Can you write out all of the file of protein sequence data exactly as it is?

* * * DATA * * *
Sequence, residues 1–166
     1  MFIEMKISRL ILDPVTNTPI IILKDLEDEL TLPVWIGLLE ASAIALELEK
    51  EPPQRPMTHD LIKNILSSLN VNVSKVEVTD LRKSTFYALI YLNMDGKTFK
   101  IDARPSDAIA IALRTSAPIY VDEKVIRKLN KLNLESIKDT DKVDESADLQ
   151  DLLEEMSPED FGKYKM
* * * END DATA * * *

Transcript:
Sequence, residues 1–166
     1  MFIEMKISRL ILDPVTNTPI IILKDLEDEL TLPVWIGLLE ASAIALELEK
    51  EPPQRPMTHD LIKNILSSLN VNVSKVEVTD LRKSTFYALI YLNMDGKTFK
   101  IDARPSDAIA IALRTSAPIY VDEKVIRKLN KLNLESIKDT DKVDESADLQ
   151  DLLEEMSPED FGKYKM